KeywordPlanetary Systems Surveys Techniques: Photometric Techniques: Spectroscopic
Indexed BySCI
WOS IDWOS:000293271400001
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Cited Times:29[WOS]   [WOS Record]     [Related Records in WOS]
Document Type期刊论文
Affiliation1.Inst Astrophys, D-07745 Jena, Germany
2.Univ Sternwarte, FSU Jena, D-07745 Jena, Germany
3.Nicholas Copernicus Univ, Torun Ctr Astron, PL-87100 Torun, Poland
4.Gunma Astron Observ, Takayama, Gunma 3770702, Japan
5.Natl Cent Univ, Grad Inst Astron, Jhongli 32001, Taoyuan County, Taiwan
6.Bulg Acad Sc, Inst Astron, Sofia 1784, Bulgaria
7.Slovak Acad Sci, Astron Inst, Tatranska Lomnica 05960, Slovakia
8.Byurakan Astrophys Observ, Byurakan 378433, Armenia
9.Swarthmore Coll, Dept Phys & Astron, Swarthmore, PA 19081 USA
10.Gettysburg Coll Observ, Dept Phys, Gettysburg, PA 17325 USA
11.Chinese Acad Sci, Key Lab Opt Astron, NAO, Beijing 100012, Peoples R China
12.Bulg Acad Sc, NAO, Sofia 1784, Bulgaria
13.Univ Hawaii, Inst Astron, Hilo, HI 96720 USA
14.Big Bear Solar Observ, Big Bear City, CA 92314 USA
15.SUNY Stony Brook, Dept Phys & Astron, Stony Brook, NY 11794 USA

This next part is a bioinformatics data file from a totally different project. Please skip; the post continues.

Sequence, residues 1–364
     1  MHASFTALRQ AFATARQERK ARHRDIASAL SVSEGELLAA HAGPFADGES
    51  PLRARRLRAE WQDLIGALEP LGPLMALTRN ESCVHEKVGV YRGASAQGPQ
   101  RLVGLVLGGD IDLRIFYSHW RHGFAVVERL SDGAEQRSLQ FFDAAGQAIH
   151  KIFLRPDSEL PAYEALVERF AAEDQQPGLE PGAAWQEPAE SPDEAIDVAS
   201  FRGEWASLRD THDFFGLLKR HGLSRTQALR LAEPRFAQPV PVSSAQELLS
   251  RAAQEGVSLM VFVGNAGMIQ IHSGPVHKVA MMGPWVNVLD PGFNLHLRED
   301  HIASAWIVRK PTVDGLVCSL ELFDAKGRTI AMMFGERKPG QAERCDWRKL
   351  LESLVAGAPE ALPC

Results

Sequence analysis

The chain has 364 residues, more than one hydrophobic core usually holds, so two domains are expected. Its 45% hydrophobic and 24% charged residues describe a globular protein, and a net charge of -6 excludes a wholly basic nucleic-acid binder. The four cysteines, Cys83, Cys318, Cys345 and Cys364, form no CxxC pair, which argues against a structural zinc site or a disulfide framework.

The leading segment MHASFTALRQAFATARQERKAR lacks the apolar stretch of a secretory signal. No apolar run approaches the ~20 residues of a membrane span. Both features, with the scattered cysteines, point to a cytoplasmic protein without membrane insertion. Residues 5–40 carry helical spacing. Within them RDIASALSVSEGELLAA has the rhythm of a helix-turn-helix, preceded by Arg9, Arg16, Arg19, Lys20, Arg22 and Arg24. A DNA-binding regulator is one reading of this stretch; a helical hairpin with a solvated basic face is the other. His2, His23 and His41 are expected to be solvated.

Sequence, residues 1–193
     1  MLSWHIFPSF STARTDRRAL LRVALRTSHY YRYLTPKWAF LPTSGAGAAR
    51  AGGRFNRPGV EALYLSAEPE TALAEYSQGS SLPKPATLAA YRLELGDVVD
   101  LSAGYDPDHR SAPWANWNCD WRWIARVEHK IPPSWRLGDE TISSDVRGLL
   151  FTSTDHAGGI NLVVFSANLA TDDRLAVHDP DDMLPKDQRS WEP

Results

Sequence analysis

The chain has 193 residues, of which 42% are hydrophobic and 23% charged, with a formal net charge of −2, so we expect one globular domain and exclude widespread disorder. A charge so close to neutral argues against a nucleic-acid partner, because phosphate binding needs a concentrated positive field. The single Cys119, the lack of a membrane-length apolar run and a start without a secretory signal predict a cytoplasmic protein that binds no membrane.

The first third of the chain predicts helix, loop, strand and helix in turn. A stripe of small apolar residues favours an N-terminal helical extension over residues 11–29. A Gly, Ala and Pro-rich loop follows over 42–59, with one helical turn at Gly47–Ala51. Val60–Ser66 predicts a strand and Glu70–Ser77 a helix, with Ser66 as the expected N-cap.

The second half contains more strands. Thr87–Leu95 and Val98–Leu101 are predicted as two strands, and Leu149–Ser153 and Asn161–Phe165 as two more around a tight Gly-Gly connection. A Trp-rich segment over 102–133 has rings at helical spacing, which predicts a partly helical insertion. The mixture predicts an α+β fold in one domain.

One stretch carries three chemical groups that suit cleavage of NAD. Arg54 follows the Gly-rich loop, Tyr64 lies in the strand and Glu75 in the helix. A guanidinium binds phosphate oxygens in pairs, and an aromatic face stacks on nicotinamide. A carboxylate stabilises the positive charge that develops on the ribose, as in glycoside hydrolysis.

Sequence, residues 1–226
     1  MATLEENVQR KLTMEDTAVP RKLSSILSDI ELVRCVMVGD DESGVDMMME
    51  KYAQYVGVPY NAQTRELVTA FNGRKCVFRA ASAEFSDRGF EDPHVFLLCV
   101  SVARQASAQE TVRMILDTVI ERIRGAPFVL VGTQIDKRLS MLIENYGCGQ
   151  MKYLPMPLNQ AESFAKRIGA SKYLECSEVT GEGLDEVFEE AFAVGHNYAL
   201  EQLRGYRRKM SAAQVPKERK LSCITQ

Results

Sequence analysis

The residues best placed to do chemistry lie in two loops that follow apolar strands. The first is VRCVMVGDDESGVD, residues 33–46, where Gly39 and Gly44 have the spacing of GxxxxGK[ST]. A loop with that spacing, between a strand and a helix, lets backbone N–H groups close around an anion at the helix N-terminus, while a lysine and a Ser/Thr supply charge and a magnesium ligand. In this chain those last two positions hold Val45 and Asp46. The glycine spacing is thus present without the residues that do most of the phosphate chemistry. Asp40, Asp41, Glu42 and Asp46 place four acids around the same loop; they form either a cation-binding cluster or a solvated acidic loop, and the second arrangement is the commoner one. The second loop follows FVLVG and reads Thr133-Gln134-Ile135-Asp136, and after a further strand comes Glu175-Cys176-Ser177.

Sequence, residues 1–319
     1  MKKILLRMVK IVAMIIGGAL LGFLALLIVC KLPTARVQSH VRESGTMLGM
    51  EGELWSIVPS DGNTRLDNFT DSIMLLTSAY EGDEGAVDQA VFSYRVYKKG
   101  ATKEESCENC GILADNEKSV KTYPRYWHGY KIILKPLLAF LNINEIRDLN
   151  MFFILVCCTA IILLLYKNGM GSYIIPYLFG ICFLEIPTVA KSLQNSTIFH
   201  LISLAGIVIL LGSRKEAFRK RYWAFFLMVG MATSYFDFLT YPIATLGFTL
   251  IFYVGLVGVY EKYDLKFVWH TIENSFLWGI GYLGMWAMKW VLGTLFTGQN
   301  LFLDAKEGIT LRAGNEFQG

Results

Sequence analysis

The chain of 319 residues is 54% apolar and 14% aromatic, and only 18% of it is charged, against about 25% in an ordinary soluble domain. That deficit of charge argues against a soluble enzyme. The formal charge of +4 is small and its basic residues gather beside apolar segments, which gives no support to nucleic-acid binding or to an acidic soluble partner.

16.Ctr Invest Astron, Merida 5101, Venezuela
17.Ruhr Univ Bochum, Astron Inst, D-44801 Bochum, Germany
18.Univ Catolica Norte, Fac Ciencias, Antofagasta, Chile
19.CSIC, Inst Astrofis Andalucia, E-18080 Granada, Spain
20.Harvard Smithsonian Ctr Astrophys, Cambridge, MA 02138 USA
21.Joint ALMA Observ, Santiago, Chile
22.Natl Astron Observ Japan, ALMA Project Off, Tokyo 1818588, Japan
23.Univ Shumen, Shumen 9700, Bulgaria
24.NAS Ukraine, Main Astron Observ, UA-03680 Kiev, Ukraine
25.Univ Rostock, Inst Phys, D-18051 Rostock, Germany
26.MPI Extraterr Phys, D-85740 Garching, Germany
27.FSU Jena, Inst Appl Phys, D-07743 Jena, Germany
28.Univ Kiel, D-24098 Kiel, Germany
29.Univ Bern, Inst Phys, CH-3012 Bern, Switzerland
30.Univ Sternwarte, D-81679 Munich, Germany
31.Aryabhatta Res Inst Observat Sci, Naini Tal 263129, Uttarakhand, India
Recommended Citation
GB/T 7714
Neuhaeuser, R.,Errmann, R.,Berndt, A.,et al. The Young Exoplanet Transit Initiative (YETI)[J]. ASTRONOMISCHE NACHRICHTEN,2011,332(6):547-561.
APA Neuhaeuser, R..,Errmann, R..,Berndt, A..,Maciejewski, G..,Takahashi, H..,...&Pandey, A. K..(2011).The Young Exoplanet Transit Initiative (YETI).ASTRONOMISCHE NACHRICHTEN,332(6),547-561.
MLA Neuhaeuser, R.,et al."The Young Exoplanet Transit Initiative (YETI)".ASTRONOMISCHE NACHRICHTEN 332.6(2011):547-561.